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This question already has an answer here:

I am reading two columns of values out of a .csv file a line at a time, which yields a list of row entries made up of two strings (something like ['cat1', 'dog1'])

When I iterate over all the rows I extracted I try to put all the "cats" in one list and "dogs" in another, kind of like this:

for row in csv_file_entries:
    catlist.extend(row[0])
    doglist.extend(row[1])

I expect doglist to be:

['dog1', 'dog2', 'dog3', 'dog4', ..., dogN]

but instead I get

['d', 'o', 'g', '1', ' ', 'c', 'a', 't', '1', ' ', ...] ETC

I suspect when I find out why the characters are the list elements instead of the strings I will also figure out why the cats and dogs are in the same list, even though the row elements 0 are dogs and row elements 1 are cats.

My actual code, with silly debug statements is below:

# get csv file containing digitized EOT data
# first column is day of year, second is EOT minutes
# taken from US Naval Obs site and digitized with web digitizer program
fname = 'C:\\time_calculator\\EOT.csv'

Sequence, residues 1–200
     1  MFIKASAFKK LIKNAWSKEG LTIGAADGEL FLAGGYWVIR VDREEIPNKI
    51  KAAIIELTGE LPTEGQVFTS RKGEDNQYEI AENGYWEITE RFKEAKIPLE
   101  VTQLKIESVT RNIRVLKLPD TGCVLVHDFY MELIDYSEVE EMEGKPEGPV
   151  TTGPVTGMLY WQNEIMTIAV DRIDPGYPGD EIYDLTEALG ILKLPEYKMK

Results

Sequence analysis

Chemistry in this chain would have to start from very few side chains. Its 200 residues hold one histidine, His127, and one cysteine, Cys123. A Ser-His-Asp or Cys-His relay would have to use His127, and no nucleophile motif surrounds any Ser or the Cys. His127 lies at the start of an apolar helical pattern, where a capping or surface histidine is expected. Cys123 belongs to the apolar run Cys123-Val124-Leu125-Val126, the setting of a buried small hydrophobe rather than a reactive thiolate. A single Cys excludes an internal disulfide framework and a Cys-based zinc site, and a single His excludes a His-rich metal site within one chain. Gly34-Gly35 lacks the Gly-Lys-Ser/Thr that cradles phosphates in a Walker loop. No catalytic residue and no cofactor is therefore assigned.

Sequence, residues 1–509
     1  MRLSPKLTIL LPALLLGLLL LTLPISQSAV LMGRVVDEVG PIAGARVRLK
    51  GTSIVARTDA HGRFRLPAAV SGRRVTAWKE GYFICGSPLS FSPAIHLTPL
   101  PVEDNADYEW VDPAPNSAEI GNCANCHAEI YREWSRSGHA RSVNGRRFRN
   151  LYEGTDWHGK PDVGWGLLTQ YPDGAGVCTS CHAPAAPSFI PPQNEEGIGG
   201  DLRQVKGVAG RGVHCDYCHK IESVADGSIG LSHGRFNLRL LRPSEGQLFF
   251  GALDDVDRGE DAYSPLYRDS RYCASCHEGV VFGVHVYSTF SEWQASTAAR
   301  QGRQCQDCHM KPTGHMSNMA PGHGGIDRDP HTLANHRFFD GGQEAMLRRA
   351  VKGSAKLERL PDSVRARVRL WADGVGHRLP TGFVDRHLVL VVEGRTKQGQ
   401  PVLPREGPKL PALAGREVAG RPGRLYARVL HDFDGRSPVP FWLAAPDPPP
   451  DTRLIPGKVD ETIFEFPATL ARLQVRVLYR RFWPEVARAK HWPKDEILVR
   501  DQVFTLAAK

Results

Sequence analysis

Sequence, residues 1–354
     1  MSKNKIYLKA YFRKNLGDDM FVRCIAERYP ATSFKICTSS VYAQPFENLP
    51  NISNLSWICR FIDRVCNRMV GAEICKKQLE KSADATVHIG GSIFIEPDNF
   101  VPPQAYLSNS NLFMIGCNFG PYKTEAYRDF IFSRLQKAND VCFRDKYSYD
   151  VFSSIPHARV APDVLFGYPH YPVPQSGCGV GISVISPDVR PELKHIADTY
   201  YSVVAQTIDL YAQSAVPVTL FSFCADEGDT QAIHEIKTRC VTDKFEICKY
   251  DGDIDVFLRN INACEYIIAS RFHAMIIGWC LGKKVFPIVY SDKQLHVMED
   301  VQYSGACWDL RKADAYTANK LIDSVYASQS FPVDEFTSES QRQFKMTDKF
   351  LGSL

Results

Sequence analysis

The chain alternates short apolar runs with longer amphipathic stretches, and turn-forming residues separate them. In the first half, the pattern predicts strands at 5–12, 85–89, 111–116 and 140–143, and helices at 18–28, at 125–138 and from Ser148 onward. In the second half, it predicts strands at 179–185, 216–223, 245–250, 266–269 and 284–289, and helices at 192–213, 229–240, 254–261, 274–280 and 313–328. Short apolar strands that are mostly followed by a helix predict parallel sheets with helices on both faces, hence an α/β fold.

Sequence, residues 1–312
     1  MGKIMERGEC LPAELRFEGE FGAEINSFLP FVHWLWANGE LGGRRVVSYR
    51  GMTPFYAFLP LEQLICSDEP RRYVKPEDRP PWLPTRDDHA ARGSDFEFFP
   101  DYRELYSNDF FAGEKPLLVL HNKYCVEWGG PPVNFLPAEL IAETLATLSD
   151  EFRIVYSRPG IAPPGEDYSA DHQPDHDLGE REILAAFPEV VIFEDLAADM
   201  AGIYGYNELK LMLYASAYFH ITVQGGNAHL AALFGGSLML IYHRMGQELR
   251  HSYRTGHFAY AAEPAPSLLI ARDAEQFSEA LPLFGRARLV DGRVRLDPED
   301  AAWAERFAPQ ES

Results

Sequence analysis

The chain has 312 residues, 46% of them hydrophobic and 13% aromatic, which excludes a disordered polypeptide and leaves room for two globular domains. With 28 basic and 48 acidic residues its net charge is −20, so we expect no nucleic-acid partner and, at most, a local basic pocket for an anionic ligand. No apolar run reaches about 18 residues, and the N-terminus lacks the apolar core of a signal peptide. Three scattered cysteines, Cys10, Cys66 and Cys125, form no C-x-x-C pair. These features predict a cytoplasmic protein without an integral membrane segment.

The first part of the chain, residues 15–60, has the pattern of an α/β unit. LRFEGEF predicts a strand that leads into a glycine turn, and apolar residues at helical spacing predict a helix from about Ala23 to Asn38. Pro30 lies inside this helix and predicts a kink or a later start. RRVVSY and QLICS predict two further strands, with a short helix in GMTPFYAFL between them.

dtzd_DOY = dtzd_EOT = []
print("tarrtart", dtzd_DOY)
with open(fname, 'rt') as csvfile:
    eot_entries = csv.reader(csvfile, delimiter=',')
#    print(eot_entries)
    print("pooooty", dtzd_DOY, dtzd_EOT)
    for row in eot_entries:
        print(row, row[0], row[1])
        thisDOY = row[0]
        thisEOT = row[1]
        print(thisDOY)
        print(thisEOT)
#        thisEOT = "heychittyfgfgfttrgrtfgrt"
        dtzd_DOY.extend(thisDOY)
        dtzd_EOT.extend(thisEOT)
print(dtzd_DOY, dtzd_EOT)

This is my first question, so don't feel bad about correcting my form.

marked as duplicate by vaultah python Apr 20 '17 at 23:15

This question has been asked before and already has an answer. If those answers do not fully address your question, please ask a new question.

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    .extend() adds each item in a sequence. A string is a sequence of characters. If you want to add it as one item, use .append(). – zondo Apr 20 '17 at 23:14
  • Yes - I thought I had checked .append versus .extend, but apparently not. Also, found that my initialization of my two lists A = B = [] was what was causing my mixing of entries. All is fixed. Thanks everyone. – Andy Kellett Apr 21 '17 at 16:15
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list.extend extends the list with each of the items in the iterable you pass. A string is an iterable of characters, so it appends the characters.

Easier to use list.append here.

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